Butterfly: Wingspan is 1 1/8 to 1 1/4 inches (2.8-3.2 cm). The Harvester is a small tan butterfly with dark wing borders and blotches on its upper surface. The underside has a ground color of reddish-orange (sometimes with a purplish sheen) with distinctive dark orange/brown circles rimmed with white rings.
ID TIp: Ventrally, reddish brown with numerous hindwing spots that are outlined in white. Note: Highly erratic when disturbed.
Egg: Flat, gray/green discs are inserted into colonies of woolly aphids.
Caterpillar: Gray with pale yellow-brown bumps along the top; brown lateral lines; tufts of gray hairs that sprout from yellow tubercles. Carniverous,typically eating various species of wooly aphids Often decorates itself with shed aphid skins that give it a pinkish white appearance.
Chrysalis: Small and brown; resembles a monkey's face. It is the overwintering stage.
Intentionally looking for Harvesters generally leads to disappointment—they tend to show up unexpectedly, usually one or two at time. Their flight has been described as a ricocheting bullet or a whirling dervish, but when laying eggs or sipping liquids, Harvesters may be quite docile and reluctant to move.
The Harvester's proboscis is proportionately shorter than that of any other butterfly. Its primary adult food is nonfloral and it often feeds on aphid "honeydew." Animal droppings are also visited. Males gather at wet spots along roads and streams.
Female Harvesters insert their eggs deep within clumps of wooly aphids. Harvester caterpillars are carnivorous: the proverbial “wolf in sheep’s clothing.” Their sharp, pointed mouthparts enable them to impale unsuspecting aphids, and they are highly effective predators. Their high protein diet enables them to grow rapidly so they may complete all life cycle stages in record time. In Alabama, we have found Harvesters eating wooly aphids associated with American Beech, Swamp Dogwood, Tag Alder, and a greenbriar/smilax.
A dot on the county map indicates that there is at least one documented record of the species within that county. In some cases, a species may be common throughout the county, in others it may be found in only a specific habitat. The High Count information shows the highest numbers recorded for this species as well as when and where they occurred.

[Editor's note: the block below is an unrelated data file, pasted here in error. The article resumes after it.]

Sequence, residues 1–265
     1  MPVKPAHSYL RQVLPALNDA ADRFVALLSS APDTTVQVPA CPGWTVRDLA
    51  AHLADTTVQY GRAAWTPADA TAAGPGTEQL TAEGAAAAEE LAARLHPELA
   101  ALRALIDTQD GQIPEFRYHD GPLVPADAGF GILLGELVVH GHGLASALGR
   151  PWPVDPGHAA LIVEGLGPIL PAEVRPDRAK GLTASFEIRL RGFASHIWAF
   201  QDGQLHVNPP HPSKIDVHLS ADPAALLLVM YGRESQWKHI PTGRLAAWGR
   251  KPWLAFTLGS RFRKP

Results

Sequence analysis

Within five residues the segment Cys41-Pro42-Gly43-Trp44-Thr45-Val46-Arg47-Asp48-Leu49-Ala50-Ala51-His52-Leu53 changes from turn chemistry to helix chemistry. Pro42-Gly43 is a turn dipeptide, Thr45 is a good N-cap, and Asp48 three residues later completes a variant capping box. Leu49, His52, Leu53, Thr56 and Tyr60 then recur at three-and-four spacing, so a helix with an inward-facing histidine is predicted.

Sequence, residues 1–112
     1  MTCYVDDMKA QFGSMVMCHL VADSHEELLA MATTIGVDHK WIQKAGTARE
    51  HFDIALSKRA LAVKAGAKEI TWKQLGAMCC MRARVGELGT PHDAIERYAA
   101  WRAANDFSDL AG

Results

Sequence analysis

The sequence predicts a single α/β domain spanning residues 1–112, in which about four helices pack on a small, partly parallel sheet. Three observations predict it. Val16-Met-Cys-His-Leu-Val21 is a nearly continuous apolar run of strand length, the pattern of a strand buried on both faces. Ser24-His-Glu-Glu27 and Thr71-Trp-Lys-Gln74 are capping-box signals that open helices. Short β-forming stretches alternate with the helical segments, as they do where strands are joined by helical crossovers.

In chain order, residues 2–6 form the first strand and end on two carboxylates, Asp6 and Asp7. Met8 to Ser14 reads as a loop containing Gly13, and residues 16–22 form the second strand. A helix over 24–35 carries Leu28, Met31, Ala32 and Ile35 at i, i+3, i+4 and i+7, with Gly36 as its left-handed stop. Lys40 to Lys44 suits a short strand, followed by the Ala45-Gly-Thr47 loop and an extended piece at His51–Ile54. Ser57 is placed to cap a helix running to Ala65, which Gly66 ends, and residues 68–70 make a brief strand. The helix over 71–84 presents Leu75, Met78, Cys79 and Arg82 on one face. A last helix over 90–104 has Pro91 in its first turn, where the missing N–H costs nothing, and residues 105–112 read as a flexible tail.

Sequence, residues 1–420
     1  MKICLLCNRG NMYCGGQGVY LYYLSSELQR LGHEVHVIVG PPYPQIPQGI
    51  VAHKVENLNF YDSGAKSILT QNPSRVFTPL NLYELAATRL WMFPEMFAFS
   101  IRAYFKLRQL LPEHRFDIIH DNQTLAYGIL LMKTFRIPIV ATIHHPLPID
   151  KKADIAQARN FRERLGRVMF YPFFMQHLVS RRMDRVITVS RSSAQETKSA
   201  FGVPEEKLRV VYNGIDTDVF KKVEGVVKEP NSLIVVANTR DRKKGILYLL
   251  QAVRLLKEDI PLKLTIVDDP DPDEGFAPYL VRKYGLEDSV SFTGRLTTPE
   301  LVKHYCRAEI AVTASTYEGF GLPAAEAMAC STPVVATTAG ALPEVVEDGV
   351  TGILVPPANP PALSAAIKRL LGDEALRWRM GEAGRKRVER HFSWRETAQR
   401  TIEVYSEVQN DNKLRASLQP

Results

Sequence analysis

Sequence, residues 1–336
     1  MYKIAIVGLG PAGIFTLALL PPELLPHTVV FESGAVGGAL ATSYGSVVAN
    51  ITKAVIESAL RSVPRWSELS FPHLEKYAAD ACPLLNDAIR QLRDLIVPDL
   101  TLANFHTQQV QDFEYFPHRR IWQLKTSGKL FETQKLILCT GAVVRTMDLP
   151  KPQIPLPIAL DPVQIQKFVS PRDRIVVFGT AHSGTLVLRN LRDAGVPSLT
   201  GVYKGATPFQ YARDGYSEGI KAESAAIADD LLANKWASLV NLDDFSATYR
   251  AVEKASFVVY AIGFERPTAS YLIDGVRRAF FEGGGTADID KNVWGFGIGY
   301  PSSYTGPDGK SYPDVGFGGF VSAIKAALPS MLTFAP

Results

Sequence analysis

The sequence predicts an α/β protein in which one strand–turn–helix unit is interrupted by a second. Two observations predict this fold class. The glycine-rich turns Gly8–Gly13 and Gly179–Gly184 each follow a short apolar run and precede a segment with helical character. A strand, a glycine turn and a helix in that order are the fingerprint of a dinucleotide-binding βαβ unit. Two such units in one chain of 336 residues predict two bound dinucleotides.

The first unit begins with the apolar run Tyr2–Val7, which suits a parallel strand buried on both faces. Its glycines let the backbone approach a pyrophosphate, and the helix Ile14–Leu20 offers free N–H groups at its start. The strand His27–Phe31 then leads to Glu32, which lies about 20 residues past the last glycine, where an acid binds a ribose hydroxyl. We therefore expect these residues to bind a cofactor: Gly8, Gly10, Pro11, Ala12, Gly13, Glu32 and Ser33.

The sightings bar graphs depict the timing of flight(s) within each of three geographic regions. Place your cursor on a bar within the graph to see the number of individuals recorded during that period.
The abundance calendar displays the total number of individuals recorded within each week of the month. Both the graphs and the calendar are on based data collection that began in 2000.
The records analyzed here are only a beginning. As more data is collected, these maps and graphs will paint a more accurate picture of distribution and abundance in Alabama. Submit your sightings to email@example.com.
Sightings in the following counties: Bibb, Calhoun, Chambers, Chilton, Colbert, Elmore, Etowah, Jackson, Jefferson, Lauderdale, Marshall, Morgan, Perry, Shelby, Tallapoosa, Tuscaloosa, Winston
View county names by moving the mouse over a county or view a map with county names
Generally resides in hardwood thickets near water.
Harvesters typically do not nectar. They sip liquid from aphid honeydew, carrion, dung, tree sap and mud.
Caterpillars are carnivorous and eat woolly aphids that are often reported to associate with alders.
In Alabama Harvester caterpillars have been found to eat: Wooly Aphids on American Beech (Fagus grandifolia), Swamp Dogwood (Cornus stricta), Tag Alder (Alnus serrulata), and a greenbriar (Smilax sp.).
For more information about the documented host plants and/or nectar plants, please visit the Alabama Plant Atlas using the following links: